Personally I’d like to see smaller parties like Kowa, NCP focus more on invading the legislature with qualitative people than waste money chasing executive offices. The change that Nigeria needs can only come from the legislature. If our people need to be more educated on democracy and governance, then it is the arm of government with more people in public office that is better placed to spearhead that education. If Kowa, NCP and others are focussing on getting executive power, then their strategy will be wrong in my view. Let them start with aiming to get control of at least a third of NASS in 2019.

What is the point here? I think our salvation lies in the legislature. It is where we can really show people power. My hope is that in 2019, we focus more or at least as much on the legislative elections as we do on the executive elections. The legislature can constrain the executive and it is where the real power is. The executive can’t act outside of our laws, if they do, they leave themselves open to impeachment!!! We also need to test our recall mechanism. I hope one of the small parties can pick two federal legislators – one from each chamber – and get them recalled, just to bare their teeth and give confidence to the public that we proved in 2015 that we can change executive power at the centre, we can do the same to any federal legislator too!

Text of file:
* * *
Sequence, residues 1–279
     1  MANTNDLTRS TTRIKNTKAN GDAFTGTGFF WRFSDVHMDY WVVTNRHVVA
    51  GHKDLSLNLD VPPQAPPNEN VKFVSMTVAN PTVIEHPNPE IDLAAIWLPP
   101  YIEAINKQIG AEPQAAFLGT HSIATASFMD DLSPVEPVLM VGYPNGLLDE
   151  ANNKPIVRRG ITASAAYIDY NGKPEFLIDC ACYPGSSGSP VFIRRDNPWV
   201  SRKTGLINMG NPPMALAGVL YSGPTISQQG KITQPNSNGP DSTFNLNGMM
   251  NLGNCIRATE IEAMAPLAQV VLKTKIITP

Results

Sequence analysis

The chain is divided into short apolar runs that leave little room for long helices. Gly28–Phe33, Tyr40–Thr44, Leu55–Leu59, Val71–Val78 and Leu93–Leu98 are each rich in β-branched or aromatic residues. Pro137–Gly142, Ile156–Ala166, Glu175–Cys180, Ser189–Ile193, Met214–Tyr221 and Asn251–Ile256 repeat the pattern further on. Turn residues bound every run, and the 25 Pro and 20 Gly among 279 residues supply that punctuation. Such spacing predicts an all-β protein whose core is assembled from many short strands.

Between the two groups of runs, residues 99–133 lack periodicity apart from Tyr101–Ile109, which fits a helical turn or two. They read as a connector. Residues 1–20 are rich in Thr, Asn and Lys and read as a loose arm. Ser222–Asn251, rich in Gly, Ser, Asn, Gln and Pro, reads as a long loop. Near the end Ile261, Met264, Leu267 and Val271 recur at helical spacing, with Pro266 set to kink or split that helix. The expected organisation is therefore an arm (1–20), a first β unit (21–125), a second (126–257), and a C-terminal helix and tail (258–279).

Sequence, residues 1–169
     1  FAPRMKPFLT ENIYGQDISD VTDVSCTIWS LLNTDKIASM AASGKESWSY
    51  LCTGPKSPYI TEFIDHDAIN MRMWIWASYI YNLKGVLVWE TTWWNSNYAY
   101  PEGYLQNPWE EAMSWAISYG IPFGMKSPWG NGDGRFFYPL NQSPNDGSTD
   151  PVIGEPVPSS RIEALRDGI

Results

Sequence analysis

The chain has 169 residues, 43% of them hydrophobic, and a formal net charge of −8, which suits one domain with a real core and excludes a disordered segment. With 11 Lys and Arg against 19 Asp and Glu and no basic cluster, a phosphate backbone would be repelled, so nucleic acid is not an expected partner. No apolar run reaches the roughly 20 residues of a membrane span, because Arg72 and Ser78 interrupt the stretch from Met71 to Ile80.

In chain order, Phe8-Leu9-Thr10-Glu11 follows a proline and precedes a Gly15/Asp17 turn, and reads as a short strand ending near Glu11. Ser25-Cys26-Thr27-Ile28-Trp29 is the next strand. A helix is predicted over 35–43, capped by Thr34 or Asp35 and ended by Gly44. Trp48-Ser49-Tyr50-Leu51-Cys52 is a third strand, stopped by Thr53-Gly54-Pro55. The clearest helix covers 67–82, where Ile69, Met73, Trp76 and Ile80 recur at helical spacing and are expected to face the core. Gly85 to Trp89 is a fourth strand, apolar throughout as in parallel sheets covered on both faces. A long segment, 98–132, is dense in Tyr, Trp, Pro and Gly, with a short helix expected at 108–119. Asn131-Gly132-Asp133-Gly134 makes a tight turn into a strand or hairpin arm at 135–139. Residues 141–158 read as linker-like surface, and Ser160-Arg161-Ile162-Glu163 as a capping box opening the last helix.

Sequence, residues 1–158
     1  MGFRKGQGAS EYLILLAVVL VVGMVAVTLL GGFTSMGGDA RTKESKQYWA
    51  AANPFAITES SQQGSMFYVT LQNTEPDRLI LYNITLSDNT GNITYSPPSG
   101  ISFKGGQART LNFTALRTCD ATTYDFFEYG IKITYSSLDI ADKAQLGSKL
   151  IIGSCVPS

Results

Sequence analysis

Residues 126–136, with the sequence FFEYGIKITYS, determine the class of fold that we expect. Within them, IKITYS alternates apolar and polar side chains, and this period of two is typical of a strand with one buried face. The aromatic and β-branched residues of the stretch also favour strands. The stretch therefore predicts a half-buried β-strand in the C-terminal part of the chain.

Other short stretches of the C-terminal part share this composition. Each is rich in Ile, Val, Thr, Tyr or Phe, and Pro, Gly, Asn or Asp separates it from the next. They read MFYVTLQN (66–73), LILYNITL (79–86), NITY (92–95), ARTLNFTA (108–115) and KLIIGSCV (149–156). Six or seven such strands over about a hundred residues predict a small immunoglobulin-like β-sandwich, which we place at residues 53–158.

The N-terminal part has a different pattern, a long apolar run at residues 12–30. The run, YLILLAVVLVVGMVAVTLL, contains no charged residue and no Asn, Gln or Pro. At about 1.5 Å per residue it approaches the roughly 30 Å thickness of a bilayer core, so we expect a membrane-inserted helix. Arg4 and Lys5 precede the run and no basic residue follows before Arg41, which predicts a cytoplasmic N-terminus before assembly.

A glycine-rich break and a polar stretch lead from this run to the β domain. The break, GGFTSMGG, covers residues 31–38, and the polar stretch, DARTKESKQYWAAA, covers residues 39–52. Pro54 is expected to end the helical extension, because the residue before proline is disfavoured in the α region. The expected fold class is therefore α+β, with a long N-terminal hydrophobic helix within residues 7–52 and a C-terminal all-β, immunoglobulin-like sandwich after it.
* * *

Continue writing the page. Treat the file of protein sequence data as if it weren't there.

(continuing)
The big hitters have already begun moves for 2019. Some of them have manoeuvred themselves into tight spots already. Let me speculate.

Ex VP Atiku clearly is interested in contesting in 2019. I can’t see how he’ll pick up APCs ticket. In my view, incumbent President Buhari is ahead of him and if he decides not to go for a second term, Gov El Rufai is also ahead in the pecking order. His options will then be to either form a new party or join one of the existing ones. Decamping to PDP for example will ensure his defeat. He could choose to exit APC with ACN/nPDP and align with Asiwaju Tinubu and Senate President Saraki. Asiwaju doesn’t seem to be interested in becoming president so he can be a real tool for Atiku to get as much support as possible. If Asiwaju and Atiku join forces that will increase the likelihood that VP Osinbajo may not be on President Buhari’s ticket in 2019. The assumption here is that they will accept that they won’t win SW votes; most they can get is Ondo and maybe Ogun given the recent outcome of the Ondo election and President Buhari’s longstanding relationship with Gov Amosun. That will leave President Buhari to go for the SS/SE votes to compliment his Northern votes to retain office. Front runners for running mate in that case appear to me to be Rotimi Amaechi or Adams Oshiomole. Rochas Okorocha seems to me to be a political lightweight.